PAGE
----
- RAM: 16GB DDR4-2933
- Storage: 256GB NVMe SSD (Boot), 1TB 7200RPM HDD (Storage)
- Chassis: Dark Side of the Moon
- Weight: 39.2 lbs
- Dimensions: 17 x 8.8 x 18.9 Inches
- Operating System/Software: Windows 10 Home, Alienware Command Center
- Ports: [Front] 3x USB 3.2 Gen1 ports (1 port with PowerShare), 1x USB-C 3.2 Gen1, headphone/line out port, microphone/line in port; [Back] 6x USB 2.0, 3x USB 3.2 Gen1, Coaxial S/PDIF port, Optical S/PDIF port, USB 3.2 Gen 2 (Type-C), USB 3.2 Gen 2, Side L/R surround port, Microphone port, Front L/R surround line-out port, Line-in port, Rear L/R surround port, Network port
Despite my modest configuration, the Alienware Aurora R11 that I had was an able performer- both in productivity tasks and gaming. The Alienware command center provides a good overview of the system’s components and you can set its performance modes based on what you feel is apt for the moment.
Although it usually comes with crapware, you should blame Microsoft Windows for this and not the company. The good thing is that there are programs that can ‘decrapify’ a common Windows installation, so there’s that.
I love that the chassis doesn’t take up too much desk space, though if you are going to place this inside drawer, you may have to be wary about its height because it is definitely higher than the others.
If you have plenty of money, you can configure it ‘balls to the wall’ with the latest and greatest products from Intel and Nvidia, though keep in mind that because this model was released in 2020, you cannot expect the new Nvidia 3000 graphics cards to be present when you are purchasing this thing.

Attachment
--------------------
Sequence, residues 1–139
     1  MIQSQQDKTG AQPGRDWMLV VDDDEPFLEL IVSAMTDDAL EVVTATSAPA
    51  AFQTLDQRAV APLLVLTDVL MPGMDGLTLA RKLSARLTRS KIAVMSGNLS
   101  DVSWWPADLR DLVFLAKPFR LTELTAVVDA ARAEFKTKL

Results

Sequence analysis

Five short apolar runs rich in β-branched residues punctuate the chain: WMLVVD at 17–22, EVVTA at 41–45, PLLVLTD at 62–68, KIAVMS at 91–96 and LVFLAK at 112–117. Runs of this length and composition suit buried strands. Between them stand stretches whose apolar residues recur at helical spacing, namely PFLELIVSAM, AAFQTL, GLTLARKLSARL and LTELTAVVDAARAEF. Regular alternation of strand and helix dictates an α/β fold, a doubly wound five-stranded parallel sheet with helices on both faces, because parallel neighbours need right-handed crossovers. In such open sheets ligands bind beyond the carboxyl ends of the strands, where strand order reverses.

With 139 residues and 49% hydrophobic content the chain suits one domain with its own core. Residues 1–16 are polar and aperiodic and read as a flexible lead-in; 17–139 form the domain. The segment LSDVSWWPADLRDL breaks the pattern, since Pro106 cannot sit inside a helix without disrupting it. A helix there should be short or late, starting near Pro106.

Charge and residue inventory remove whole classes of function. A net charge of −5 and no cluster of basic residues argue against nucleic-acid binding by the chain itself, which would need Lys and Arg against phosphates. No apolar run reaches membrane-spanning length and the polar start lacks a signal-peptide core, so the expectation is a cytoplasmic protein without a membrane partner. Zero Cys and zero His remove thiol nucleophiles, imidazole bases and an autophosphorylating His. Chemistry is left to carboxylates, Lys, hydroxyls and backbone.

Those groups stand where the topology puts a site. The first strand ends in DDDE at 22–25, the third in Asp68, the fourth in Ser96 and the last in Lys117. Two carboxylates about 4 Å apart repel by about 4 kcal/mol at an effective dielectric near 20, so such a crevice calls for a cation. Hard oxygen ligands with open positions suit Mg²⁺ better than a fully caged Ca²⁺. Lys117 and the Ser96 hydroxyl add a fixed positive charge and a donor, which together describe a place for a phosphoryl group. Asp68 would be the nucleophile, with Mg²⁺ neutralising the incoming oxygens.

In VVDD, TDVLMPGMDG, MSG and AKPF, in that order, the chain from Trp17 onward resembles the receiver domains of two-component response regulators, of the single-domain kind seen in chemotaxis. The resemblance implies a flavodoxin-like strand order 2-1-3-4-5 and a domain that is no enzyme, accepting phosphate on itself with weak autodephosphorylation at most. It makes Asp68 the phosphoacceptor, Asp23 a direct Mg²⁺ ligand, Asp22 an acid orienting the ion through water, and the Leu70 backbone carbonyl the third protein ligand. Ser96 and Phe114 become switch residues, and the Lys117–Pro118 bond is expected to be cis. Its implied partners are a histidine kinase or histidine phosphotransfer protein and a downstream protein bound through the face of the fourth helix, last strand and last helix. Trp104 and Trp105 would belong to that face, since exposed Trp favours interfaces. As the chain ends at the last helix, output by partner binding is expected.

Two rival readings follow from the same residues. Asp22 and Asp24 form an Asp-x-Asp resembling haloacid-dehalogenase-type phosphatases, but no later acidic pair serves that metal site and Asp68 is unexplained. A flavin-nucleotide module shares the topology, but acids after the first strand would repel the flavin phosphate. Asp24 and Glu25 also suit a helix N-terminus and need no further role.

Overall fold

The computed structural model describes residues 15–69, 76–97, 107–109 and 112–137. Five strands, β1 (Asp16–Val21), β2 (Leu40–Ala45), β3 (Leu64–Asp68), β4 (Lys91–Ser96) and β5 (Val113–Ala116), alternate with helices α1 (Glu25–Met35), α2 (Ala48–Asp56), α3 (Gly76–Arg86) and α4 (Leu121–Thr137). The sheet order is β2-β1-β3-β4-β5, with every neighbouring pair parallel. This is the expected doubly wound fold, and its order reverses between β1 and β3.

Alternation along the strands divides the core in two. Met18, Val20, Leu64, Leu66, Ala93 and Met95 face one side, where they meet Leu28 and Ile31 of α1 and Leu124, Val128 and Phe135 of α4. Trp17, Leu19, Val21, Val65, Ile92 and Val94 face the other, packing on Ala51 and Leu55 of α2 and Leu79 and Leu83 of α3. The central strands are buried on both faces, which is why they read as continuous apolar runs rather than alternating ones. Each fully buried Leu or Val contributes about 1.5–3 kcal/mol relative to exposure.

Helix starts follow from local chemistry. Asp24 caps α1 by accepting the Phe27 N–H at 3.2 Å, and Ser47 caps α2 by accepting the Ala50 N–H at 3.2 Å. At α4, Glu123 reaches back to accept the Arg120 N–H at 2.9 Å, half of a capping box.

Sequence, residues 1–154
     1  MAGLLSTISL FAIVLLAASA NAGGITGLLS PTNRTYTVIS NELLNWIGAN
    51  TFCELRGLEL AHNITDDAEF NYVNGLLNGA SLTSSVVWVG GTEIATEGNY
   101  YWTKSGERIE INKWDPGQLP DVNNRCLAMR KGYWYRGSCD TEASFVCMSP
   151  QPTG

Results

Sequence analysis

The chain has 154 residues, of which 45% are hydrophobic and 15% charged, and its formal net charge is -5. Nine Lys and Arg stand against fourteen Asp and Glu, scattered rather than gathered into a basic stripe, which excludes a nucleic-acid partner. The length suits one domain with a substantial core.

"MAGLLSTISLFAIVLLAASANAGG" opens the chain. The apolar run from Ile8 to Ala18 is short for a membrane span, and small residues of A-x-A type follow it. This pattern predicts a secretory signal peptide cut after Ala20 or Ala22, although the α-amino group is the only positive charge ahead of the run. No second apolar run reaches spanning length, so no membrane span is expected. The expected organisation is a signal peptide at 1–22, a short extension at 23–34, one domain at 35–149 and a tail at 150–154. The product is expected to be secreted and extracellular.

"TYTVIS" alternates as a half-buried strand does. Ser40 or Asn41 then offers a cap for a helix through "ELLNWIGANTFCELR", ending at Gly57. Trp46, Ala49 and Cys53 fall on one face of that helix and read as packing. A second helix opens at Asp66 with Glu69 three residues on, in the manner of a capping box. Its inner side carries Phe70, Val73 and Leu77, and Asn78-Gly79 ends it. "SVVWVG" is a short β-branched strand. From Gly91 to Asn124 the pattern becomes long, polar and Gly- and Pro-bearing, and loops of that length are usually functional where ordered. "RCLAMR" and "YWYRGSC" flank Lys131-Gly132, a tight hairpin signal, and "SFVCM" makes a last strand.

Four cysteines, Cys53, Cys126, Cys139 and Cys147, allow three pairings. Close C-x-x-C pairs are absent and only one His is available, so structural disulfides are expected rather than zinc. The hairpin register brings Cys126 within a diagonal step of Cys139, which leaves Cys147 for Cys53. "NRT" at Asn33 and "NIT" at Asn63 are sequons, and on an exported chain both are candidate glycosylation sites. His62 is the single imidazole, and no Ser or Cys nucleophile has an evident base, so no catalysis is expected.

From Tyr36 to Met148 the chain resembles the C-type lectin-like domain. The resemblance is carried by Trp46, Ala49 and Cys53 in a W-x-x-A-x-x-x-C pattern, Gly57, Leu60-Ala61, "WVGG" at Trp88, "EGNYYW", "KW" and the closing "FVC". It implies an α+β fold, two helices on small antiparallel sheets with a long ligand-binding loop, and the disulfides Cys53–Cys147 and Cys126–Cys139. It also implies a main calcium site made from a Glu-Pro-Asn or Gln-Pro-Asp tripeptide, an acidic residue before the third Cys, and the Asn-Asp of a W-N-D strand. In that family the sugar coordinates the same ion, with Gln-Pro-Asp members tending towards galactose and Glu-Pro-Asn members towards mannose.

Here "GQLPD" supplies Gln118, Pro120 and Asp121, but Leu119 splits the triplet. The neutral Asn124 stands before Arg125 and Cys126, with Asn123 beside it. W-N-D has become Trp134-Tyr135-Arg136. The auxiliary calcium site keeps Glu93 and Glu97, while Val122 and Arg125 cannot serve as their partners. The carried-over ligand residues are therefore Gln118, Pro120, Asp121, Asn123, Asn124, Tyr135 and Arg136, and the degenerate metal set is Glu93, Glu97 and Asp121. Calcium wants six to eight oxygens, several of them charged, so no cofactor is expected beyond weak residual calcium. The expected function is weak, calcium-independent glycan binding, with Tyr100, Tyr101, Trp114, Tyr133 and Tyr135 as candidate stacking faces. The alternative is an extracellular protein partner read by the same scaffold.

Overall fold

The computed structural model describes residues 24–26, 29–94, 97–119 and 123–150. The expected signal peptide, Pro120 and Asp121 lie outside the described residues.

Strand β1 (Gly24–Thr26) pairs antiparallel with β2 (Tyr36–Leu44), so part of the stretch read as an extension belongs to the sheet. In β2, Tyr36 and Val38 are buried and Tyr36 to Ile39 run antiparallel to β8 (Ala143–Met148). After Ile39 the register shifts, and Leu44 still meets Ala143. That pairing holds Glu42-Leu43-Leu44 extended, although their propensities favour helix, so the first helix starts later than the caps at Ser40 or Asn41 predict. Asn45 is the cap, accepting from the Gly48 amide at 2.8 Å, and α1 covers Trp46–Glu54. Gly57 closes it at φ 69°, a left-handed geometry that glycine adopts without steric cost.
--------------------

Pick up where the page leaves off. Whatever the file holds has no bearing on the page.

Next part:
In summary, the Alienware Aurora R11 is a pretty good gaming machine- both in aesthetics and performance.
Logitech G305 Lightspeed Review- The $75 ‘G Pro’ Lite
The Logitech G Pro is highly praised by the gaming community, especially those that are playing first-person shooters. It is lightweight and it is wireless which is something that was unprecedented before its release.
There is only one issue: That mouse was expensive. Fortunately, you can get the Logitech G305 Lightspeed for a much cheaper price.
Read further to find out why I think the G305 is what I would consider as the ‘G Pro’ lite.
The Logitech G305 Lightspeed looks quite similar to the Logitech G Pro mentioned above. At first glance, you might think that this peripheral is an ambidextrous mouse, but that is actually not the case.
You see, while it has an ambidextrous design, the side buttons are actually located only on the left side of the peripheral. This is an odd choice considering that this can be construed as a mouse that can also be used left-handed, but this is something that you need to know if you are a left-handed gamer.
Its dimensions are 4.59 x 2.45 x 1.50 inches and it weighs 98 grams with the AA battery on. That’s right, you will need a single AA battery for this thing to operate, but the good thing is that a single AA battery can last up to three months with consistent use.
Much of the power-saving features come from the company’s own HERO sensor which doesn’t require a lot of battery to operate while still providing you with a competitive performance in games. More on this later.
This mouse is a bit on the smaller side and is perfectly suited for people who use the fingertip or claw grip styles. This could also work for a hybrid claw/finger grip style as well.
Because of its smaller dimensions, it should go without saying that people with larger hands might have a hard time grasping this mouse, so I wouldn’t recommend this for people that have bigger hands than others.
Despite its much cheaper price, I am glad that the Logitech G305 Lightspeed still feels premium. It is predominantly made with plastic and it has a matte finish so that it won’t easily get out of your grasps when you are playing even with sweaty hands.
On the underside, you will find four mouse feet for easier glide and you can also find the on/off switch as well. I love the fact that you can tell if it is turned on or off based on the color that you see depending on the switch’s orientation.